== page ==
• Florida: The state Department of Health will conduct a statewide ADAP needs assessment that will be used in targeting outreach efforts.
• Indiana: The state Department of Health has joined forces with the statewide Comprehensive HIV Services Planning and Advisory Council to increase the participation of minorities in HIV care planning. The council also will conduct a needs assessment to look at potential disparities in access to HIV care.
• Louisiana: To assess potential disparities in access, the state has reviewed the demographics of people served by Ryan White Title II funding. Regions that had a disparity of 10% or greater will be explored in depth, including a look at prescribing patterns of individual physicians and chart reviews to determine why clients may not be on combination therapies.
• Maryland: The Maryland ADAP Transitional Assistance Program works with HIV/AIDS case managers and discharge planners in the state’s prison system to verify whether inmates being discharged meet ADAP eligibility requirements.
• Mississippi: The state redirected a portion of Ryan White funds to correct problems minorities experience in obtaining access to care and to expand treatment services at the University of Mississippi Medical Center, where many ADAP clients receive care.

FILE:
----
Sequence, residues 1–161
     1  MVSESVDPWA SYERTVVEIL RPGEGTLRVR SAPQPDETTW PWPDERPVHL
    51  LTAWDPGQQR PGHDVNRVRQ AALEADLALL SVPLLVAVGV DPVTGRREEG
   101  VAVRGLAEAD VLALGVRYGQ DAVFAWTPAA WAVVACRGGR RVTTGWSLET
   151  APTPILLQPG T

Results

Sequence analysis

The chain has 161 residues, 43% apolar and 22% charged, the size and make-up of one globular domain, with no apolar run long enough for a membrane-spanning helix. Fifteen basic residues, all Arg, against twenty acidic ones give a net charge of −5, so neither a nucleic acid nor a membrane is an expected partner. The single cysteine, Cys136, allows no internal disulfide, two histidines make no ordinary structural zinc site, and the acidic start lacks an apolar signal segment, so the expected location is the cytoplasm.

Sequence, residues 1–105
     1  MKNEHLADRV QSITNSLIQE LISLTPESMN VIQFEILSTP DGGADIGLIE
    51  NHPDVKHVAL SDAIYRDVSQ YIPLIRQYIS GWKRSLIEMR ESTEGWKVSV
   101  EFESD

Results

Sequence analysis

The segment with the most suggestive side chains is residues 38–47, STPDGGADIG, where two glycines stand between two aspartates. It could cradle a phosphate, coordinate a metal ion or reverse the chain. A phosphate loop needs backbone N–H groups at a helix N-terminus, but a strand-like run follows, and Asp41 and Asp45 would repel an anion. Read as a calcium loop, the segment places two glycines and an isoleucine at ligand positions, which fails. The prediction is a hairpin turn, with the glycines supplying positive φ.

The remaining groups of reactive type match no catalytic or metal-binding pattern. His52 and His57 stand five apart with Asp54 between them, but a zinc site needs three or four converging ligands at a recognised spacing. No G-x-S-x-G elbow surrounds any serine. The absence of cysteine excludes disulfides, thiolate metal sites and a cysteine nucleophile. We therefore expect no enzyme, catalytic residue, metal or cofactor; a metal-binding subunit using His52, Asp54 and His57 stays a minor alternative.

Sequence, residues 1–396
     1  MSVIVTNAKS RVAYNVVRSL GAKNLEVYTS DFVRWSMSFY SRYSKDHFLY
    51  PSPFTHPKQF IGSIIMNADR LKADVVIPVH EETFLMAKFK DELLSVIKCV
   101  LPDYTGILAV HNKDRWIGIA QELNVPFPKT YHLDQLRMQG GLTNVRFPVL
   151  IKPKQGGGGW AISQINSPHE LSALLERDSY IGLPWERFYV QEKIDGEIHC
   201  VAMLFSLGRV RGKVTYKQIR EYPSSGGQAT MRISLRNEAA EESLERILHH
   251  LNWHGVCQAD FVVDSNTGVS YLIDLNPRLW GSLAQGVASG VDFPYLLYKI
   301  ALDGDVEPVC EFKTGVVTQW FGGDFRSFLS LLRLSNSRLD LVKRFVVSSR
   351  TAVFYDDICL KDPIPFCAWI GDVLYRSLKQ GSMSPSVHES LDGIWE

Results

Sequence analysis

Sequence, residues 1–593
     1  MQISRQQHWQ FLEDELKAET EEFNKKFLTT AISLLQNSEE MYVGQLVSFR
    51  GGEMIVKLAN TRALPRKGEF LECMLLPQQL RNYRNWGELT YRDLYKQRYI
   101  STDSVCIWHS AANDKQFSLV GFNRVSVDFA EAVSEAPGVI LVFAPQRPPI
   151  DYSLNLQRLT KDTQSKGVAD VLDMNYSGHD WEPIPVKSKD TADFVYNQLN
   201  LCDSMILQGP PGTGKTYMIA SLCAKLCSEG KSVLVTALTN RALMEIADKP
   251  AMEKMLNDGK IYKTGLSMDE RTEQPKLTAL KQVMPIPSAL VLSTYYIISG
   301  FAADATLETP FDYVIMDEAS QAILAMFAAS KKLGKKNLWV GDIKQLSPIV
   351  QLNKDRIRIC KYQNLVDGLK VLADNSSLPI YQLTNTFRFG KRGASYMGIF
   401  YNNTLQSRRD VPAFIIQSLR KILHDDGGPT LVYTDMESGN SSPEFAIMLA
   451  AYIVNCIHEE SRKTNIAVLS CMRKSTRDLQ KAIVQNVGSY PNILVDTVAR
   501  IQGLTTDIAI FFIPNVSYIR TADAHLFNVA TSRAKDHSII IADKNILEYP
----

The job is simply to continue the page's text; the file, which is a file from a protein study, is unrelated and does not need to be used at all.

• New York: The state routinely compares ADAP demographics with those of reported AIDS cases to identify any disparities. The state health department also commissioned a study to identify barriers to ADAP access. ADAP outreach programs focus on developing a referral network of agencies that serve minorities, gays/lesbians, criminal justice offenders, prostitutes, immigrants, substance abusers, the homeless, the mentally ill, and the hearing-impaired. A bilingual outreach staff targets Hispanic populations, and the state has culturally appropriate models for poster campaigns, as well as ads in Hispanic and African-American-oriented newspapers and radios.
• Virginia: Virginia is part of a multi-state and federal pilot program that provides clinical consultations to prison medical officials and offers pre-release ADAP assistance to provide a continuity of care.
• Washington: The state Department of Health is assessing treatment disparity issues, providers’ knowledge of ADAP and other HIV services, minority HIV patients’ knowledge of ADAP and HIV services, and client satisfaction with ADAP services. Also, the health department contracts with the state department of corrections and the state’s alcohol and substance abuse agency to encourage appropriate medical care for HIV-positive people.